UNRWA essentially functions as a welfare agency for registered Palestine Refugees. This means that as their population continues to expand, the Agency has found itself under increasing financial stress. Last year there was a $65 million shortfall out of UNRWA’s $675 million annual budget.
As Ha’aretz reporter Amira Hass notes, what little the PA did to help the Palestine Refugees was recently scrapped due to its own budget pressures:
When Salam Fayyad was Palestinian prime minister, he earmarked modest funds to the various camp services committees. Among other things, these were aimed at repairing basic infrastructures. But at the end of his term last spring, the special budget was cancelled due to the PA’s financial difficulties
But whom to blame?
Also apparent from Hass’ reporting is the extent to which the Palestinians are being taught to blame the Palestine Refugees’ situation not on the Arab leaders or the PA, but on Israel:
“Since 1948, the refugees have been feeling betrayed by everyone,” says Dr. Adel Yihye, an anthropologist and native of the Jalazun refugee camp, who has published a number of studies about life in the refugee camps.
“The essence of being a refugee is betrayal,” he says. “You were betrayed, you were a victim and nobody takes any notice of you. That’s a central part of the refugees’ psychology.”
The Palestinians see Israel as chiefly responsible for the refugee problem, but the refugees’ disappointment with the Palestinian Authority is especially great, Yihye says, because “they had expectations of the PA.” …
The Palestinians see the international community’s contributions to UNRWA as natural and just, since the community is directly involved in creating the problem having supported the establishment of the State of Israel back in 1948.
Without publicly admitting it, the PA and UNRWA are competing for the international community’s donations. Both depend on those states’ generosity, their economic situation and political desire.
In reality, however, Israel is not the primary cause of the ongoing plight of the Palestine Refugees. As Commentary‘s Jonathan Tobin points out:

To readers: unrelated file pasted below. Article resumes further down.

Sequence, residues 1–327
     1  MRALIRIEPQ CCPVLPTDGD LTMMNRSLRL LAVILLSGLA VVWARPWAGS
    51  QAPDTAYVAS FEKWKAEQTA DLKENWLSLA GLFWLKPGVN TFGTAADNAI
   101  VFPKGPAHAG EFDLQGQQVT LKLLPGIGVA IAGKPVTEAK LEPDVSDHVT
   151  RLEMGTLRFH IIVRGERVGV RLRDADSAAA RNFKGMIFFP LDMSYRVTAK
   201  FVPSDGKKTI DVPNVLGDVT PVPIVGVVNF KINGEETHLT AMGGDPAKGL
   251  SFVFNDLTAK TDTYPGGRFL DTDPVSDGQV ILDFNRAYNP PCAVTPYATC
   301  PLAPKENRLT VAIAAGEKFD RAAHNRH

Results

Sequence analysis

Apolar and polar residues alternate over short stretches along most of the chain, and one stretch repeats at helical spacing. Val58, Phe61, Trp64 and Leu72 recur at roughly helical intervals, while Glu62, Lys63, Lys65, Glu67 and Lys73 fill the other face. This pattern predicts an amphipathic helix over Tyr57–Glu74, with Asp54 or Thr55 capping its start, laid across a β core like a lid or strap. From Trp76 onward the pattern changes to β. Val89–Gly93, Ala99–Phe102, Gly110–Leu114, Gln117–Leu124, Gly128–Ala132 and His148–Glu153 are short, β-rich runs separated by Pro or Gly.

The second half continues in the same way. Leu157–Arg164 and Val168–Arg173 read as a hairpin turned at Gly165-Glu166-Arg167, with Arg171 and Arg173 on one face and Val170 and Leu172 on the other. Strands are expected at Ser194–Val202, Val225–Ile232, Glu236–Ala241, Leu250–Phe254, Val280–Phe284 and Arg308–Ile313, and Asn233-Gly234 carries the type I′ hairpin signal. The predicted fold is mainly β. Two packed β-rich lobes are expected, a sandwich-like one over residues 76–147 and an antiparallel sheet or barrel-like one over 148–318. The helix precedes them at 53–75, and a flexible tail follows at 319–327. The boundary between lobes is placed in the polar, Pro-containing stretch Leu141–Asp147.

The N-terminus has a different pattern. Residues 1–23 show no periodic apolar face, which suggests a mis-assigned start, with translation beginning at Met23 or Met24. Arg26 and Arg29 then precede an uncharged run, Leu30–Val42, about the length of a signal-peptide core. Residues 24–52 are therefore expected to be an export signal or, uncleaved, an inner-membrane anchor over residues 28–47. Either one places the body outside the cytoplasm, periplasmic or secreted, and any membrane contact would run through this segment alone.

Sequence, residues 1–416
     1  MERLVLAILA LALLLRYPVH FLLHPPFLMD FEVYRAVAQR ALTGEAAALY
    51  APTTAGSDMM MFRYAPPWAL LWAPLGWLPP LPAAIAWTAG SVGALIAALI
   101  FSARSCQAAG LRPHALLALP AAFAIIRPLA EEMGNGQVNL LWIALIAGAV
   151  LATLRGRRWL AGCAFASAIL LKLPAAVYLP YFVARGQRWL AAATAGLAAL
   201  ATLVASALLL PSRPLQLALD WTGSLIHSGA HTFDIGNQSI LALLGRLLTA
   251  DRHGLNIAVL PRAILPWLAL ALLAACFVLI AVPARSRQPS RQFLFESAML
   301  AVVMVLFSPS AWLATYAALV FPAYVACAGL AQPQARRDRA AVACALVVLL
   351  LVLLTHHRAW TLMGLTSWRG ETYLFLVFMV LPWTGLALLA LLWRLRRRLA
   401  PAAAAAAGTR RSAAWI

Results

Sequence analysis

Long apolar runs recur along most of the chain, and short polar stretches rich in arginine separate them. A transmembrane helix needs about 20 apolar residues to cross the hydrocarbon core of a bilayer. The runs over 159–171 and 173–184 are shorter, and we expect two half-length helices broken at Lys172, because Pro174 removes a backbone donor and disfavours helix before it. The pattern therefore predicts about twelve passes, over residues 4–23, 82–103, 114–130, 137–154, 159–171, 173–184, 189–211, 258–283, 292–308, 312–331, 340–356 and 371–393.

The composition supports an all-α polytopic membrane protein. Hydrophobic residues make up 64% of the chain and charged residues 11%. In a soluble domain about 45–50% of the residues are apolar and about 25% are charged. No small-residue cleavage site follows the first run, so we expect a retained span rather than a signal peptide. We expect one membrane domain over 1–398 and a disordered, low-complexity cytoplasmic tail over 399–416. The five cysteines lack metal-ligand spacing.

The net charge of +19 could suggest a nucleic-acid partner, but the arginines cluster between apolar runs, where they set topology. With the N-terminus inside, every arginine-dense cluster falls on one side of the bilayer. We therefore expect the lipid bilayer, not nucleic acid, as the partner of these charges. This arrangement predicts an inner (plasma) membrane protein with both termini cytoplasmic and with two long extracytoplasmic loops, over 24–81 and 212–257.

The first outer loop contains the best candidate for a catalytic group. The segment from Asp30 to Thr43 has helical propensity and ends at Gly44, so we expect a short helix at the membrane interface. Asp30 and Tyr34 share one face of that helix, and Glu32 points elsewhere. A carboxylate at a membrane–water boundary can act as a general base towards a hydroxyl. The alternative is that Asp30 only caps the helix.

The curious thing about the dispute between the refugees and the PA is that while the former demand that the corrupt Palestinian government take care of them while UNRWA is on strike, they are resolutely against being governed by it. Doing so would mean giving up their special status as refugees and taking up the more prosaic identity of Palestinian Arabs living on the territory of the putative independent Palestinian state …
The fault for this decades-long scandal lies principally with the Arab states. Not one has sought to absorb the refugees created by the war of aggression launched by the Arab world against the new Jewish state in 1948. Worse than that, the refugees were not allowed to leave the camps and denied the opportunity to acquire citizenship in any of the Arab countries in which they resided. That was also the case with Egypt and Jordan, the nations that governed, respectively, Gaza and the West Bank from 1949 to 1967 when the Arab and Muslim world refused to advocate the creation of a Palestinian state in those territories. Instead, their goal was to eradicate the Jewish state that existed inside the truncated borders created by the 1949 armistice agreements that ended Israel’s War of Independence.
Another tragedy in this sorry saga is the extent to which UNRWA and other UN agencies are complicit in these efforts to entrench the Palestine Refugee situation. As Rutgers Professor Michael Curtis points out, UNWRA officials can often be found touting the standard anti-Israel narrative. UNRWA also embraces — or at least refuses to oppose — some of the less savoury practices of the PA and Hamas, such as teaching hatred through school textbooks and naming sporting facilities after murderers and terrorists.
It is no wonder then that prominent individuals such as Curtis and Canadian MP Irwin Cotler have been calling for UNRWA to be abolished. There may be some wisdom in this given that, as Hass noted, the PA is essentially in competition with UNRWA for international aid money. It seems far preferable for the international community to be sending its aid to one organisation that is responsible for Palestinians in the Middle East, rather than maintaining the status quo, whereby Palestine Refugees have different rights and privileges to other Palestinians. Meanwhile, in accordance with the demands of both Cotler and Curtis, the few Palestine Refugees who would qualify for conventional refugee protection should be placed under the care of the UNHCR like every other refugee in the world.